Priority legislation in the 18th Congress

Dindo Manhit, President of the Stratbase ADR Institute

Partisan politics can make or break a legislative agenda. In cases where there is a supermajority coalition, the legislative process may become faster and less tedious in the plenary deliberations. But with politics largely defining legislative priorities, the resulting dynamics will tend to favor the passage of “populist” laws as these are deemed more politically beneficial to the legislators, even if some of these laws may not be geared to promote efficiency, productivity and competitiveness.

While the priorities of both the Senate and the House of Representatives are anchored on the President’s legislative agenda, the full Legislative-Executive Development Advisory Council (Ledac) has yet to convene after the opening of the 18th Congress. The lack of frequent Ledac meetings had affected the performance of the previous Congress. To be more responsive, Congress needs to open itself to more multilateral consultations and expert opinions, especially in crafting new measures that require huge annual expenditures.

Just this week, the Senate started its plenary deliberations on the proposed 2020 national budget. There is pressure on both chambers of Congress to ensure the timely passage of the budget by December. Last year’s budget deadlock and prolonged debates relating to pork barrel issues delayed the passage of the 2019 budget by four months. Economists have warned lawmakers that such delays dampen the country’s GDP growth, since government spending is a main driver of growth.

The Senate version of the 2020 budget provided hefty increases in health, education and social services. These include, among others, P9.4 billion to assist poor patients in both public and private hospitals; P7 billion to prevent the mass layoff of nurses, doctors and midwives in underdeveloped areas; P3 billion for supplemental feeding for preschool and kinder students; and P8.5 billion for the Student Financial Assistance Program.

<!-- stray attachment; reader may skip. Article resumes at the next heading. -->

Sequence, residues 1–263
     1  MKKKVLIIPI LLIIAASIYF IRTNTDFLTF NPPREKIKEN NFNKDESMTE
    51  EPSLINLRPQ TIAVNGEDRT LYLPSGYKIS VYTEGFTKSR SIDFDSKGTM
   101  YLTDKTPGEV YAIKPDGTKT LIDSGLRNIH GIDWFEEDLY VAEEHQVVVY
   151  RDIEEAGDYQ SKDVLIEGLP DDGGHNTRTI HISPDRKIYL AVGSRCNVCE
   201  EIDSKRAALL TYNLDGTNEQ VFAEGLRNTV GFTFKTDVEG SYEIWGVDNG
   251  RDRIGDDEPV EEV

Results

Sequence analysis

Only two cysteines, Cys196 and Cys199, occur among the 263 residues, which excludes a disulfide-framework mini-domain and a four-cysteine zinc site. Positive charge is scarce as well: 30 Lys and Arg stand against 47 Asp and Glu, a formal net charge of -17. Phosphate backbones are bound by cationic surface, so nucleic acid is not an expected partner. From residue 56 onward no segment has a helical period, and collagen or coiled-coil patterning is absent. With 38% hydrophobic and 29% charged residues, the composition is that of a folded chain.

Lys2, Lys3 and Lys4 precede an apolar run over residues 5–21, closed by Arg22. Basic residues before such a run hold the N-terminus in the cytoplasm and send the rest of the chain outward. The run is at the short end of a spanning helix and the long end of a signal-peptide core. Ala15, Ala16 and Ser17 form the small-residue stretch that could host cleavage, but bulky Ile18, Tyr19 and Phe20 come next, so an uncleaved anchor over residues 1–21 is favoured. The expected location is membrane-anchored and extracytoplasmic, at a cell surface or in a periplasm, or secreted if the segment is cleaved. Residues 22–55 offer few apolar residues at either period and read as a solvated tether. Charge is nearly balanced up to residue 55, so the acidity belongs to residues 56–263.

To complement the increase in the proposed 2020 budget for health programs, the Senate has also passed on third and final reading the bill institutionalizing the Malasakit Centers in Department of Health hospitals. The measure aims to consolidate the assistance being provided by the health and social welfare departments, as well as by the Philippine Charity Sweepstakes Office. The bill has hurdled second reading in the House and is expected to pass after final reading next week.

Meanwhile, the House is completing the different technical working group reports for the substitute bills creating the Department of Overseas Filipino Workers, Department of Water and Department of Disaster Resilience. However, although it is important to create specialized departments to address specific concerns and problems, the creation of new departments should be judiciously studied in terms of multiyear budget requirements. It should also be considered that amending the Salary Standardization Law to put into effect another round of salary increases for government personnel will gravely affect the national budget.

Moreover, the creation of new departments for disaster resilience, overseas Filipinos and water management is not actually a guarantee toward better and more transparent use of resources. The executive office should ensure that the creation of these new departments will, first of all, lead to a change in mindsets among government personnel, especially in terms of delivering more comprehensive services. The new departments should strengthen the level of accountability and responsiveness of these offices to their constituents.

Beyond the creation of new departments, it is also essential for the 18th Congress to prioritize measures that will modernize and reengineer the country’s agriculture sector. According to the United States Department of Agriculture, the Philippines became the top global rice importer this year—a situation that highlights the critical problems of productivity and self-sufficiency in Philippine agriculture. Existing laws and current budget allocations need to be reevaluated to determine the policy interventions urgently required to prevent the further deterioration of the country’s farming sector.




This article was originally published in the Philippine Daily Inquirer.

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